Whether you are a creator of social media content or the intended audience, there appears to be a growing divide along generational lines.  I, myself, am guilty of perpetuating this simply from the original title of this blog.  When I created it, Social Media & the Middle Aged Woman was more of a personal expression of what I was encountering as the intended audience of social media marketing.  As I have learned and written over the past year, it has morphed into a more inclusive blog.  Changing the name without risking the loss of followers was a scary proposition; but as you can see I took the plunge.

As social media marketing has evolved, the content put out there definitely seems to have a more younger, hipper tone to it. Marketers are being advised by the “social media gurus” to target their audiences.  All well and good, except for the fact that the generational lines have clearly blurred on the various social media sites. What may be relevant to a younger demographic can possible be totally offensive to those in, say, their 50’s and 60’s.  What social media marketers tend to forget is that the older demographic, being more technologically savvy, are not as willing to be left out of the loop.  They are as much a part of the general mainstream audience as ever. Social Media should know no boundaries. It has an influence on all our lives; old or young, male or female, rich or poor, liberal or conservative.

There are two major recommendations I would like to suggest to all Social Media Marketers:

  1. While certain words and phrases may be commonplace in everyday conversations, they should not be used in your marketing campaigns.  The increased use of the “f-bomb” or “s-word” in marketing posts as an attempt to be hip and happening may actually backfire on you in the long run.  Sure, you will probably get the views you are looking for; but I doubt the share numbers will be to your liking.  Commonsense professionalism still needs to be considered when creating ad copy.  Just because it is being written for social media and not television or radio, should not give the marketer free license to forget the basics.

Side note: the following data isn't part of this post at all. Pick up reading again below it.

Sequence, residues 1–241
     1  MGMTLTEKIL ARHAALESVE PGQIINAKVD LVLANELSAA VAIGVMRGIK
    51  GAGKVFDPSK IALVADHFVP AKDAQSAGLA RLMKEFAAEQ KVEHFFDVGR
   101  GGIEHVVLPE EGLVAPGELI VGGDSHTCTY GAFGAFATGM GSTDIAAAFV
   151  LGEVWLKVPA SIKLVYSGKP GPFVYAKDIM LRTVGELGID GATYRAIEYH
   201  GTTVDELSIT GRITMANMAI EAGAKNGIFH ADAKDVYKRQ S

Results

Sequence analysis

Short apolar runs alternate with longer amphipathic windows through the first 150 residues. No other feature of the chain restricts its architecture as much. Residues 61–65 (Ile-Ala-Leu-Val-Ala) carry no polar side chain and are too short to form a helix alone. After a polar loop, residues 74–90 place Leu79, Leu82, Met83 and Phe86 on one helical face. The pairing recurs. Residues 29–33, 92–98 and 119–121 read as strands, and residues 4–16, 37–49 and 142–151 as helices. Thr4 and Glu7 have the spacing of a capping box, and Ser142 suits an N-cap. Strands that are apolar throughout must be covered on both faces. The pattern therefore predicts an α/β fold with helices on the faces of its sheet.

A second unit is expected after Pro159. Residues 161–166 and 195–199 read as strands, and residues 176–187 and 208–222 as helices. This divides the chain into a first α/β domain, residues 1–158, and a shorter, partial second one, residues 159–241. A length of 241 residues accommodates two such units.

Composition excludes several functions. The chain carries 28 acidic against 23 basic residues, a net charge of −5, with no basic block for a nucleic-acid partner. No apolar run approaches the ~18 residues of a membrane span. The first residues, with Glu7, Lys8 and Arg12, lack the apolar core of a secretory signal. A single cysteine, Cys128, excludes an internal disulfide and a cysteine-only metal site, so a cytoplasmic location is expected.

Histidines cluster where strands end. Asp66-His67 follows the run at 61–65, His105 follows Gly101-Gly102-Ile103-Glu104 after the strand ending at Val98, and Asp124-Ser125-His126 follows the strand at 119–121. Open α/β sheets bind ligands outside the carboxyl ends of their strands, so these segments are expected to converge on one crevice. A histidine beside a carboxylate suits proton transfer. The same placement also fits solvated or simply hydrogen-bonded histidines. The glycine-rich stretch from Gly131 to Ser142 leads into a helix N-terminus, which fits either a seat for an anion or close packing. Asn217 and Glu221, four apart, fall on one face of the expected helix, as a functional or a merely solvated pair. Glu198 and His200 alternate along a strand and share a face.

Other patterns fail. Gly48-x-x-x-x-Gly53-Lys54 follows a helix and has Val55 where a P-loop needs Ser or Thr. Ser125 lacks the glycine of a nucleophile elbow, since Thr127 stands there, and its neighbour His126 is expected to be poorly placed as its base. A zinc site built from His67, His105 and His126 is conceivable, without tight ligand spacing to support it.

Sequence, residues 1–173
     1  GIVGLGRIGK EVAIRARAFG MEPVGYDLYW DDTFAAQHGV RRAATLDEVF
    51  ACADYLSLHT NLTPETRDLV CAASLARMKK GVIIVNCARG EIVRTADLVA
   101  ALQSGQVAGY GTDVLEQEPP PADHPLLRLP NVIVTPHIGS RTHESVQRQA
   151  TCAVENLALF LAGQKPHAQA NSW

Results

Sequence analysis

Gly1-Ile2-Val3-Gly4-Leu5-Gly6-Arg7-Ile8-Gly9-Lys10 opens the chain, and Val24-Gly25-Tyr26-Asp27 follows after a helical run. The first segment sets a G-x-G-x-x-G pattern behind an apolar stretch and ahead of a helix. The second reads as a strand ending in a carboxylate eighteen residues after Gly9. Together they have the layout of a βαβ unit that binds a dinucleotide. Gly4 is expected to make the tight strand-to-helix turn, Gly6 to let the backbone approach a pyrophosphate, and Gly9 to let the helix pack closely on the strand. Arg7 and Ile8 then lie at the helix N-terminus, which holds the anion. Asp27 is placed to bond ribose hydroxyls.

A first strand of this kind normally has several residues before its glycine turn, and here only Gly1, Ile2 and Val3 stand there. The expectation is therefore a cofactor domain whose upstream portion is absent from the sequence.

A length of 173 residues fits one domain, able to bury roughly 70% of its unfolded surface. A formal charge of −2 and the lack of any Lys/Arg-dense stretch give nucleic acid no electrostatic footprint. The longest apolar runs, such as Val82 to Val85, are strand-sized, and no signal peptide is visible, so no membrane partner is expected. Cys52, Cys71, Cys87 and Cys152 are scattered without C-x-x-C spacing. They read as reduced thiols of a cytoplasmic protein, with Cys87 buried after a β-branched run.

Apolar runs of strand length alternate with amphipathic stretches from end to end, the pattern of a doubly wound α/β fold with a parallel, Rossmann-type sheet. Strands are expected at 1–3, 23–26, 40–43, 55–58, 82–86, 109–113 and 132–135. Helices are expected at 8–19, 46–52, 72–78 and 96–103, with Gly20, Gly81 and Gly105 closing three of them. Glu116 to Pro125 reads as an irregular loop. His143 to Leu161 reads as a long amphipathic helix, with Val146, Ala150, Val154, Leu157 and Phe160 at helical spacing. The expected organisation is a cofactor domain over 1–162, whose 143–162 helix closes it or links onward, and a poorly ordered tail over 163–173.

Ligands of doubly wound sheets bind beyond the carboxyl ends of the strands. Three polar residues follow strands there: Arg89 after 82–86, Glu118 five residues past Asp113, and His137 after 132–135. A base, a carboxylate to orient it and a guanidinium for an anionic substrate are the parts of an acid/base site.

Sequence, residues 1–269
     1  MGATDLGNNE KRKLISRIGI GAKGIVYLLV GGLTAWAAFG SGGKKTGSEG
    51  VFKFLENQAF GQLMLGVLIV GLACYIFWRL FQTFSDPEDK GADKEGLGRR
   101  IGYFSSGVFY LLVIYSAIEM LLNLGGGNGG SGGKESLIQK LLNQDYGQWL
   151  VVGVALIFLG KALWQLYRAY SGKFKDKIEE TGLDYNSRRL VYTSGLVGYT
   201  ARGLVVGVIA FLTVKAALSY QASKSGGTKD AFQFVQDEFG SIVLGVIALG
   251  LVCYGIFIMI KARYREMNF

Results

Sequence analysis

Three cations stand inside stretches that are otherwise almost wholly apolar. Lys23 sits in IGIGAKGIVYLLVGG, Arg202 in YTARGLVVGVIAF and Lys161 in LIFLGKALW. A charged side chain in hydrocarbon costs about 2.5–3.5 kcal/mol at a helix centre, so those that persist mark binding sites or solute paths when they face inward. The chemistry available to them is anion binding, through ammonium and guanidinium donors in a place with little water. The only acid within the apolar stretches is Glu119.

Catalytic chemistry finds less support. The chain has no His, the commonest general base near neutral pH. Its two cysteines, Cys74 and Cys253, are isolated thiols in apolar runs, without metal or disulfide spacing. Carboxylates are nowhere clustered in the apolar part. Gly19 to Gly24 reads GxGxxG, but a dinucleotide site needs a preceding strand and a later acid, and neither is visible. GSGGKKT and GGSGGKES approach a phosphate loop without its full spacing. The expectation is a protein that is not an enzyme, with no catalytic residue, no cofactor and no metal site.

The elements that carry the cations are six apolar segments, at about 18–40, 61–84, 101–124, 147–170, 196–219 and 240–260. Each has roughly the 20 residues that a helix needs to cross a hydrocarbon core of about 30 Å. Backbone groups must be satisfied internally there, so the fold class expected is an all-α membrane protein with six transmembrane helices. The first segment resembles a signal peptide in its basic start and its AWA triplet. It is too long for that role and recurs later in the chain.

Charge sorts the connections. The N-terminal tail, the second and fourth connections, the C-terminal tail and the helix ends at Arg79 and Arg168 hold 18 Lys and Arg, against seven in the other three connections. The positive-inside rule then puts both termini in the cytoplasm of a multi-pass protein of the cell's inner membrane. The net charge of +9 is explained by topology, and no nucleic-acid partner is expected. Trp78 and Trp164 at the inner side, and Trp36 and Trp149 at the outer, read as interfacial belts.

2. These same basic marketing principles hold true for the imagery presented. Be on the lookout for unintentional pigeonholing.  When marketing via social media, bear in mind that the potential demographic is no longer clear with regard to age (or any other classification, for that matter).  As your marketing posts are liked and shared across the various social media sites, the potential audience increases exponentially.  Marketing can no longer be classified as a “MTV post” vs. a “60 Minutes post” as television commercials of the past have been.  Social media knows no “time slots”.

For the social media audience, do not be afraid to point out to a company, brand or organization anything that you may find offensive in their marketing. Simply scrolling past their posts does not help you or the marketer. We have a greater voice in how information is disseminated than ever before. In the past, if we disagreed with something, we would yell at the television screen or change the channel. Now, we have the unique opportunity to become a part of the process. The audience needs to be just as socially active in the process as the marketer; if not, it is no longer social.